Business


LIZ FISHER, journalist

The covid19 pandemic has been a significant test of many public-sector organisations and the professional accountants working within them. In many cases it required organisations to adapt and make decisions at lightning speed.

The pandemic will not be the last crisis that the public sector, and society as a whole, will face – so what can we learn from it? What are the skills that made a real difference over the past two years? And how can finance professionals working in the public sector be sure that they are best equipped to meet future demands?

A new report from ACCA and CA ANZ, Leading recovery: The evolving role of senior finance leadership in the public sector, seeks to answer these questions.

The report, based on roundtable conversations with senior public-sector leaders in several countries, looks at how they responded to the pandemic and the lessons that can be learned to help leaders in public sector organisations face crises in the future.

It reaches three main conclusions:

• Senior public-sector finance leaders need to focus on transforming systems to ensure that the organisation is resilient to future crises and, in particular, make better use of the data held by the public sector.

• Leadership approaches should be rethought, allowing staff to take more responsibility and freeing up senior leaders to focus on strategic issues.

• Public-sector organisations should adapt to new ways of working.

Challenges ahead

The report also identifies areas where the public sector is likely to face difficulties in the years ahead.

The most pressing challenge is seen as the need to recruit and retain finance professionals – many organisations are experiencing problems in attracting qualified professionals – but the report also argues that the public sector needs, like other sectors, to adapt to wider societal changes, such as digitalisation and the response to climate change.

Professional accountants in the public sector undoubtedly played a vital role in helping their organisations through the pandemic and the report adds that “their technical knowledge, commitment to ethical standards of integrity and trust, as well as their wider perspective…will enable the public sector to respond effectively to the ways in which society is changing.”

Senior finance leaders became more visible during the pandemic, says the report, and this visibility must be maintained in the future.

But this does not mean that the profession should rest on its laurels.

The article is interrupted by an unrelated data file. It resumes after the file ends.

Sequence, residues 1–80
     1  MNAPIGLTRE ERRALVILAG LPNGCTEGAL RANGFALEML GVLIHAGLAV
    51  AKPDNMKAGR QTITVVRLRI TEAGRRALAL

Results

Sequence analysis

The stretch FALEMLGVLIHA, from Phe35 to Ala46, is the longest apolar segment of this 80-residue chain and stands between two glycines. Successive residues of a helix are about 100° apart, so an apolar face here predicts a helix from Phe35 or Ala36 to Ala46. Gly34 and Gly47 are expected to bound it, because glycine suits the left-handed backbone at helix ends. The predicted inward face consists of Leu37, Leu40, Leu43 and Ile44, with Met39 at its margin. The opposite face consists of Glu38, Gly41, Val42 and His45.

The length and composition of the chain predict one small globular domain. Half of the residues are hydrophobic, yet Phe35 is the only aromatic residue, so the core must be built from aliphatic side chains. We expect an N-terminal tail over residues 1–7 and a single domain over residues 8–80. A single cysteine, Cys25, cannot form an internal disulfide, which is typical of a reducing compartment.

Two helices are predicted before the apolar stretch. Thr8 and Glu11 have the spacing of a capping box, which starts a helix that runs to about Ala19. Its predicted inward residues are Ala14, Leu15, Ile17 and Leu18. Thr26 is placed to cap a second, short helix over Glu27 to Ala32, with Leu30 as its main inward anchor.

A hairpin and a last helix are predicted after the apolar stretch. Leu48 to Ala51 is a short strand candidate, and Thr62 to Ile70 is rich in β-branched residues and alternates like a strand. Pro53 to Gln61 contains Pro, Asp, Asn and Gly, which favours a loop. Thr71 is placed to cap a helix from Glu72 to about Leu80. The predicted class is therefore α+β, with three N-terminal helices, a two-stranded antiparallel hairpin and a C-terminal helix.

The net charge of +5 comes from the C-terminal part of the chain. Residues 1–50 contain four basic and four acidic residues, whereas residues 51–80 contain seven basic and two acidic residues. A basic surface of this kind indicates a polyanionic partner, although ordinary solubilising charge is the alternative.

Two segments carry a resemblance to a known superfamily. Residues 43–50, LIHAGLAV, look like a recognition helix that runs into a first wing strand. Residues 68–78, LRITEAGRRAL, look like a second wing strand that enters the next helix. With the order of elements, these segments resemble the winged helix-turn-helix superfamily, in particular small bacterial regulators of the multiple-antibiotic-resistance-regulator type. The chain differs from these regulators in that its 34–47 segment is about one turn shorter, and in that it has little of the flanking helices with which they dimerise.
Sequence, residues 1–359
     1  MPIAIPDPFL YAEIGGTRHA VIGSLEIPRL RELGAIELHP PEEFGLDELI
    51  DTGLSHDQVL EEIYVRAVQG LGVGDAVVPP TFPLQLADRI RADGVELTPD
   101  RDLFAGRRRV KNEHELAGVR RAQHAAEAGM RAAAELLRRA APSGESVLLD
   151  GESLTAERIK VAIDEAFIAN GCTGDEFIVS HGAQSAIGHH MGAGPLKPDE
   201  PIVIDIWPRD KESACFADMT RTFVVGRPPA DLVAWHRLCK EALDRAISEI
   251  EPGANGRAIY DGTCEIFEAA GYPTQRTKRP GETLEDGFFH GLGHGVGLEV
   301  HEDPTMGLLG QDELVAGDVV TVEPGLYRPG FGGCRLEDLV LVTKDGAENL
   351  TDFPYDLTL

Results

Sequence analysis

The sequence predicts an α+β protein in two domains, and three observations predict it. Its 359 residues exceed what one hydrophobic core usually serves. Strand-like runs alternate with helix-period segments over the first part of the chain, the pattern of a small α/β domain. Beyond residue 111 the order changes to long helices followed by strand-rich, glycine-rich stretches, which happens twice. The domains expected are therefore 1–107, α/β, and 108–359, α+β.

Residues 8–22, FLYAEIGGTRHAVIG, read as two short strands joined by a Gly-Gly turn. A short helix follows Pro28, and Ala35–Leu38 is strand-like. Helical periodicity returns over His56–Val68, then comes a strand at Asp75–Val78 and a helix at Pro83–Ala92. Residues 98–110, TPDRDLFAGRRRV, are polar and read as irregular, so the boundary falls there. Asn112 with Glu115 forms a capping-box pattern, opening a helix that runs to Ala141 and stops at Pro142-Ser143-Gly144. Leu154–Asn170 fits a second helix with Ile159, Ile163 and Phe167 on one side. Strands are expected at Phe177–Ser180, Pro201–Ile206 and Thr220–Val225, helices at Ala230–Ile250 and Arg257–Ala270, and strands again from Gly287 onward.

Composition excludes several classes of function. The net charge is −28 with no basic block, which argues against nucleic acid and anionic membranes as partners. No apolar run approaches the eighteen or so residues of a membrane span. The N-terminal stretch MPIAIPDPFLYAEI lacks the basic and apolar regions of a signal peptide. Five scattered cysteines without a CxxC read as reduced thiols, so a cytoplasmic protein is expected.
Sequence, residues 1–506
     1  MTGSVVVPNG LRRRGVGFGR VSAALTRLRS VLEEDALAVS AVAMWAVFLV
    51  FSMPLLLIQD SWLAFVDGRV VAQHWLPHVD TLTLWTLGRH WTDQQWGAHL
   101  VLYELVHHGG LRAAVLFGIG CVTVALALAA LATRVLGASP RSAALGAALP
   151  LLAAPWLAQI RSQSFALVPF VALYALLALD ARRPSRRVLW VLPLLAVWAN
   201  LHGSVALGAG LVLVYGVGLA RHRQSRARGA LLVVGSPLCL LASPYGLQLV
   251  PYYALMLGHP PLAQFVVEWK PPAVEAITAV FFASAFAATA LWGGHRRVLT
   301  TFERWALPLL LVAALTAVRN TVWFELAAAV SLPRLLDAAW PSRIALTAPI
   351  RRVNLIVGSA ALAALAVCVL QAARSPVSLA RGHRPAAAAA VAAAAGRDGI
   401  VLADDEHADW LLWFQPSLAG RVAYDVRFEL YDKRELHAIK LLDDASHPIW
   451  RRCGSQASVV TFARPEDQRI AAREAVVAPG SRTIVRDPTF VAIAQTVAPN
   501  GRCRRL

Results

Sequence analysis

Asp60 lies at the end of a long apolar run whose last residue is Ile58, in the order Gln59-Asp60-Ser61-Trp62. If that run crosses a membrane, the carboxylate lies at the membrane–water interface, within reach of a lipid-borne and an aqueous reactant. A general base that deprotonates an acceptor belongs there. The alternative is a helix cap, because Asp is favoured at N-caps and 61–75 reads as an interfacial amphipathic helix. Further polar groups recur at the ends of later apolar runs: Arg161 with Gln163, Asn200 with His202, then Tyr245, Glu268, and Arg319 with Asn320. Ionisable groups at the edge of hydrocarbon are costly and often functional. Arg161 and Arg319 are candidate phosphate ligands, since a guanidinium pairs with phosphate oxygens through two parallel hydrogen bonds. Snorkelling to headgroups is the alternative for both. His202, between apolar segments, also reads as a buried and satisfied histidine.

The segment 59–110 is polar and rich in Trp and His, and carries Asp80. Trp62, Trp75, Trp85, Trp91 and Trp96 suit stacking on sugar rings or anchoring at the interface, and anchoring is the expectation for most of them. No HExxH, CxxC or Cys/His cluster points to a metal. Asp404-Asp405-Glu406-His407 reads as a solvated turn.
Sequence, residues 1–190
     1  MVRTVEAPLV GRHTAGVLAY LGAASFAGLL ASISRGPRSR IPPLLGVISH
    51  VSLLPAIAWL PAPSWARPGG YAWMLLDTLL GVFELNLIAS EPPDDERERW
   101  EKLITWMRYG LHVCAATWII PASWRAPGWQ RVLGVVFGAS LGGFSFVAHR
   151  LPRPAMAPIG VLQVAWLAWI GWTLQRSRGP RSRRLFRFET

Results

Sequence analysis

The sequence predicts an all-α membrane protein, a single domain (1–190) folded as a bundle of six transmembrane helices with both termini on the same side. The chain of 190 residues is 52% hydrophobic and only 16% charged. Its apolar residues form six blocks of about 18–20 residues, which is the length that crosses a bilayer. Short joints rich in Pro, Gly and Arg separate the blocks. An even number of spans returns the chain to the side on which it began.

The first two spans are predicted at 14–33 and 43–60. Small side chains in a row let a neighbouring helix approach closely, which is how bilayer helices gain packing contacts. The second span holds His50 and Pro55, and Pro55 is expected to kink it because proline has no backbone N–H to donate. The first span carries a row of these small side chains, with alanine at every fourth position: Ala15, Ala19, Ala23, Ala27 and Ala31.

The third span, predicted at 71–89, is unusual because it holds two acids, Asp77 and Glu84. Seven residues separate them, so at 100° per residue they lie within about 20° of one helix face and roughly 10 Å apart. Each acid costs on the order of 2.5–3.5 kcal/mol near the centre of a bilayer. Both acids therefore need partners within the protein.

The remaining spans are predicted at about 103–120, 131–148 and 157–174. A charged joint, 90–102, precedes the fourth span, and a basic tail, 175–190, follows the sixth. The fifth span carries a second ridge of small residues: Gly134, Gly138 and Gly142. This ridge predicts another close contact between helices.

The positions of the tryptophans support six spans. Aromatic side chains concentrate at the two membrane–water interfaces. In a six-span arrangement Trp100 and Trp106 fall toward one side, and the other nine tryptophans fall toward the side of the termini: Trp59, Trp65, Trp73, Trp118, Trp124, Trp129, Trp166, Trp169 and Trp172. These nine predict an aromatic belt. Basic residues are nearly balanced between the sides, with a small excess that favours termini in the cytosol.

Digitalisation is a huge opportunity for the public sector, but the report makes the point that these opportunities can only be grasped if the workforce has the right skills. Public finance professionals themselves recognise that they need to improve their skills in digitalisation and technology – according to the ACCA’s Rethinking public financial management study, only 34 per cent say that they have sufficient skills in this area.

Core skills

The report argues that finance leaders must build on the solid foundations of their core skills in order to thrive in the future.

“Individuals in senior finance leadership in the public sector need to have a firm grasp of the technical foundations and the wider set of skills developed by a professional accountant through the qualification and CPD,” says the report.

“Nonetheless, aspiring leaders also need to develop an even broader outlook, beyond the traditional tasks of a finance professional.”

The ABCD of skills are:

• Adaptability. The public sector is often seen as slow to respond, but the pandemic showed that its finance professionals responded at speed to changes in working practices and demands such as delivering support packages to those that needed them quickly. This is a skill that should be nurtured, argues the report. Finance professionals in leadership roles need to be able to both plan for and respond to changes that are taking place in the environments in which they operate. Creativity, too, is vital and will enable the public sector to adapt and innovate to meet the challenges of climate change and digitalisation.

•Business sense. The report argues that it is vital that public-sector finance leaders are able to understand and question the “business” of an organisation. This requires professional curiosity and effective challenge – asking questions about why an organisation does what it does, in the way it does – and a shift in mindset from concentrating on financial management and advice to a wider perspective that encompasses the entire organisation and takes a strategic point of view. Ethical leadership is an important part of this approach – the ability and willingness to call out behaviour and actions that are not in line with the public-sector ethos.

• Communication. Future public-sector finance leaders will need strong communication skills to steer the organisation and communicate information internally and externally. Listening is a vital element of this, as is the ability to build effective relationships and collaborate with others.

• Determination. The report describes the determination that senior finance leaders of the future will need as a combination of “drive on a personal level to develop as a skilled finance professional and leader” – including maintaining and developing core skills through CPD and being alert to opportunities to learn new skills, especially in areas not related to finance – and determination to do the right thing if confronted by ethical challenges.

“Many public-sector organisations are at a turning point,” the report concludes.

“On the one hand, organisations could return to the habits and patterns of pre-pandemic life and revert to a path of gradual evolution. Or, instead, organisations could build on the gains made in responding to the covid19 crisis. This second approach will require real dedication from current and future public sector finance leaders.”

Source: ACCA Accounting and Business magazine